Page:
• Recovery over months
  • No therapy needed
  • Reassessment of equipment needs
  • Transfer training with physical therapy

We’ve described the procedures in greater detail here:

Full Selective Dorsal Rhizotomy

In a full selective dorsal rhizotomy (SDR), the surgeon accesses the nerves that supply the leg muscles (L2 to S1). This is done via laminoplasty, or temporarily opening the vertebrae from the back. Selective means that the neurosurgeon cuts specific nerve roots at the levels causing the spasticity. Dorsal refers to the location of the nerves in the spinal canal. The dorsal nerves have small branches called “rootlets” that send messages toward the spine. During surgery, these rootlets are stimulated, and the most abnormal rootlets are cut. This decreases the spasticity reflex loop and relaxes muscles in the legs. Nerve monitoring during surgery keeps unaffected nerves safe. 

After recovering for a few days after surgery, patients are transferred to Texas Children’s Inpatient Rehabilitation Unit to continue strengthening and gait training. In appropriate candidates, this surgery can be transformative in improving a child’s gait, allowing them to walk with greater independence and ease.

Is a selective dorsal rhizotomy the right procedure for your child? 

It can be the right solution for children with high muscle tone. Your health care team will guide you through the decision process. The child’s likelihood of meeting an SDR surgery’s goals are shown in this overview:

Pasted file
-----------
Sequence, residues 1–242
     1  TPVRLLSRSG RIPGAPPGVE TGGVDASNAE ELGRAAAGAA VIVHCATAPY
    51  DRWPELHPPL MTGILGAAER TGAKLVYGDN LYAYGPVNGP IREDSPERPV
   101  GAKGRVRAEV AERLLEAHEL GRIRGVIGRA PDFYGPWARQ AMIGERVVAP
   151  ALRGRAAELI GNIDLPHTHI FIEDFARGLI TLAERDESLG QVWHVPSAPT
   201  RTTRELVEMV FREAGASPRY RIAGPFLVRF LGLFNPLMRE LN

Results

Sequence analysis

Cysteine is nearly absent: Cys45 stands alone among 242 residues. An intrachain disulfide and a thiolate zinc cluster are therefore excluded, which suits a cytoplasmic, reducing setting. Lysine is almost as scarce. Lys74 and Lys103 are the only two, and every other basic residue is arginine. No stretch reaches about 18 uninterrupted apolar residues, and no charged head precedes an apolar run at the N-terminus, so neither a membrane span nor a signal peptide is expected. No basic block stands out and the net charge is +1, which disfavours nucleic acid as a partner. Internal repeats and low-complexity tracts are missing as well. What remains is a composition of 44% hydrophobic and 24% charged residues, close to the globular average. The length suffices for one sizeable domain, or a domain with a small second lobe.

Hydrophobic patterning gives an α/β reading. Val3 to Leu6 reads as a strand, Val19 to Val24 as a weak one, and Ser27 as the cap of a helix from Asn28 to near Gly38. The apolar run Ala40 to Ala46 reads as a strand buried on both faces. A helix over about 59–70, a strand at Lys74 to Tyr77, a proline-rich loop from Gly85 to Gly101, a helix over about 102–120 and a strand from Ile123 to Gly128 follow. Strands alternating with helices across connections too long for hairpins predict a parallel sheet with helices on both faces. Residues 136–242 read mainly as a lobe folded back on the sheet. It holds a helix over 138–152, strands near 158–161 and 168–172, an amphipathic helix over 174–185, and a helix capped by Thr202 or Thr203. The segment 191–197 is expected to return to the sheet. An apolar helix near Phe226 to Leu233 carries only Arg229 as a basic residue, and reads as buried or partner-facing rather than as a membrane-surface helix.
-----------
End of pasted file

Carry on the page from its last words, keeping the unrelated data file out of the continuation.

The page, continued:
Chance of Meeting SDR Surgery Goals

High Chance Lower Chance 
  • Spasticity is the main cause of high muscle tone 
  • Good strength 
  • Good motor control 
  • Can understand and comply with instructions 
  • Can complete the rehabilitation program 
  • Dystonia is the main cause of stiffness 
  • Weakness 
  • Poor motor control 
  • Can’t follow instructions 
  • Can’t complete the rehabilitation program


View of a Full SDR

Focal Selective Dorsal Rhizotomy

A focal SDR is a minimally invasive method of reducing tone in only one or two nerve levels. Children who require spasticity reduction in only a few muscles, typically at the ankle or knee, may be candidates for focal SDR. Through a 1-inch incision, the surgeon removes a tiny piece of bone and uses a small tube to access, view, and cut nerve rootlets at 1 or 2 nerve levels. Children usually recover from this surgery in 1 to 2 days, then participate in our Acute Outpatient Rehabilitation Program.